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Two of cricket’s greatest modern players, Steve Smith and Virat Kohli, have opened up on their personal relationship in a candid sit-down chat ahead of Thursday’s first Test in Adelaide.
The Australian and Indian superstars are generally considered the best current batsmen in the game and will be one day regarded as genuine legends once they retire.
And while they share a fierce rivalry on the field, they are actually close friends off it.
Kohli remembers his first time crossing paths with Smith when they were both young players trying to break onto the international scene about 14 years ago.
“We played a practice game, against England, not you guys… during the World Cup when we were all lined up in the stadium for the inauguration, and your team was lined up and I saw you and Josh (Hazlewood),” Kohli said.
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“Phil Hughes was there as well, I saw all you guys, and we just walked past and lined up. But I think our first interaction was at the academy you, Davey (Warner), and Moises (Henriques) was there… it was a fun day, I loved that camp.”
Smith is now a gun batsman but Kohli saw him first as a young leg-spinner who was touted as the next Shane Warne.
“I remember you at the academy, going through your leg-spin action and everyone was like ‘this guy is the new Shane Warne’,” Kohli said.
“Now 10 years later you average 60 in Test cricket.”
Smith began his international career as a spinner but was never set on it staying that way.
“I’ve always seen myself as more of a batsman. As a kid growing up I always batted, but bowled as well because I wanted to be involved in the game was much as possible,” Smith said.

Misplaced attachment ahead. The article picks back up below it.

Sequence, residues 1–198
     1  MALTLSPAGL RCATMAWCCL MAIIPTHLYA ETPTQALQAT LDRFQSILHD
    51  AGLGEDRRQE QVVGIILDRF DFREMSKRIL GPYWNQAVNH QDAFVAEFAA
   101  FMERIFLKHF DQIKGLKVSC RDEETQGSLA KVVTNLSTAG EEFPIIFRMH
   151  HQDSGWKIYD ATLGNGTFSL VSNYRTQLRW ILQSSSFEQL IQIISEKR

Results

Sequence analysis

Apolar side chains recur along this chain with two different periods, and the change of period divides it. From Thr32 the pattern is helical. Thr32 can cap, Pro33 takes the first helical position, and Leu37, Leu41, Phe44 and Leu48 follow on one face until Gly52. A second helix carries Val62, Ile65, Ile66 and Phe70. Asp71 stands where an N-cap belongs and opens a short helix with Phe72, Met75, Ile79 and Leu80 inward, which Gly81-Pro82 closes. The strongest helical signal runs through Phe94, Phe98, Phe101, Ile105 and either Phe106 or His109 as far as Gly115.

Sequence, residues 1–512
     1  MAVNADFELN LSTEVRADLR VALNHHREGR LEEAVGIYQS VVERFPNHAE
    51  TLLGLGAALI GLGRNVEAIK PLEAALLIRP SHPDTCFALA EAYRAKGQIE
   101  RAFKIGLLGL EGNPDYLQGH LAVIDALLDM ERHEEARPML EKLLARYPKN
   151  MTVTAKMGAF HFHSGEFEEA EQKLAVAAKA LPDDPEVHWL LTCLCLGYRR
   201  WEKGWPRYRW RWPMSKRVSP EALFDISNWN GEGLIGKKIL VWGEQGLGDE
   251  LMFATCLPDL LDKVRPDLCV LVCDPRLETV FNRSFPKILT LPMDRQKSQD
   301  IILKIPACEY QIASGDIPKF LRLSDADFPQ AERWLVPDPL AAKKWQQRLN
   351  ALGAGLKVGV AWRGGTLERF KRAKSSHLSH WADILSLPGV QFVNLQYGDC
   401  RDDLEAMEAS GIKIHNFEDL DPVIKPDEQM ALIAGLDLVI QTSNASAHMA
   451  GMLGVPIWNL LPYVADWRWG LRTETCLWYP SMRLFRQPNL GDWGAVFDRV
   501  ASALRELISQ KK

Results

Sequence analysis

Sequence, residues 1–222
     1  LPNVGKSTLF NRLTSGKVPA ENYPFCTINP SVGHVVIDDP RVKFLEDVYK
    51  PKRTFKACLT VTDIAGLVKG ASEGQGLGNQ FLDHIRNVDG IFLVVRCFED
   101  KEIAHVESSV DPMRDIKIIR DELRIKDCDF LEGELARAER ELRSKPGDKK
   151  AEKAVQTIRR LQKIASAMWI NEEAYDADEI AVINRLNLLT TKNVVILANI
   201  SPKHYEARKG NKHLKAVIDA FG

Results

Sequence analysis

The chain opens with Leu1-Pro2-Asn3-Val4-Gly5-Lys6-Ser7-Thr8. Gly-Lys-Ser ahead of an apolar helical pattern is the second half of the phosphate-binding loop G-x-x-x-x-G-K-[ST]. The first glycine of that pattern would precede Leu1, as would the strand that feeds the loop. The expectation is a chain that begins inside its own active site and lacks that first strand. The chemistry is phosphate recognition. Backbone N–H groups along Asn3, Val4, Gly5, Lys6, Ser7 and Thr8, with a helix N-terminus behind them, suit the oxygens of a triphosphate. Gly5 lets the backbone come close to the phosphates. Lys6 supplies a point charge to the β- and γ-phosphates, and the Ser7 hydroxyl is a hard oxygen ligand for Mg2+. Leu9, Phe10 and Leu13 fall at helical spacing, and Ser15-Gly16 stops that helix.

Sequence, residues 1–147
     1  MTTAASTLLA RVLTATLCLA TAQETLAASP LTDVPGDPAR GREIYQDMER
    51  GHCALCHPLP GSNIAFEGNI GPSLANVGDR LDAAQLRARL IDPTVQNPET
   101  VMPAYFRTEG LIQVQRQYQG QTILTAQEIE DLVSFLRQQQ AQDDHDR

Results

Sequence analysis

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“I bowled quick until I was 14 or 15, then started bowling spin. Australia went through a turnstile of spinners after Shane Warne finished, and I was a blond little podgy leg spinner so I fitted the bill.
“People were like ‘the next Shane Warne’ but I never really believed that. I love it but leg-spin takes so much work, and I didn’t want to let my batting slip at the same time.
“It was 2012 when I got dropped… I thought ‘what’s my best way to get back in the Australian side and have a successful career?’ and I thought right, it’s time to let go of spin.
“It was a big decision but one I’m happy with now.”
Since then the pair have met many times on the field and they’ve formed a bond away from cricket as well.
Smith saw just how kind Kohli is during last year’s World Cup.
Smith had been copping it still from the sandpaper scandal that saw him, David Warner and Cameron Bancroft banned the year earlier.
During a World Cup game the Indian crowd was taunting the Australia and Kohli stepped in to ask the fans to tone it down.
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Smith sent Kohli a text message that night to thank him for the gesture.
“Things happen on the field and you have your moments against opposition you play… to me there was an incident that happened and you guys realised what had happened, you came back after a long time after going through everything you had to,” Kohli said.
“I feel in life nothing can be that permanent that you carry that for life. People make mistakes and they learn from it.
“It’s not fair to target an individual personally, that’s what I felt at that moment and I asked them not to boo you. It was just instinctive.
“As much as you play against each other there’s a human side as well. There’s always instances you’re going to keep meeting as individuals.
“You’re competitive on the field but you don’t want it to be nasty.”
Kohli and Smith will meet at Adelaide Oval on Thursday to kick off the first Test.
The Indian captain will miss most of the series, though, when he heads home to India for the birth of his child.
Smith paid credit to his opponent for putting family first.
“Credit to you for making that decision to go home and be with your wife for the birth of your first child,” Smith said.
“It’s a milestone. I’m sure you’ve had a lot of pressure to stay and play.
“We’re human beings, we have a life outside cricket and I’m sure you would be kicking yourself if you missed the birth of your first child.”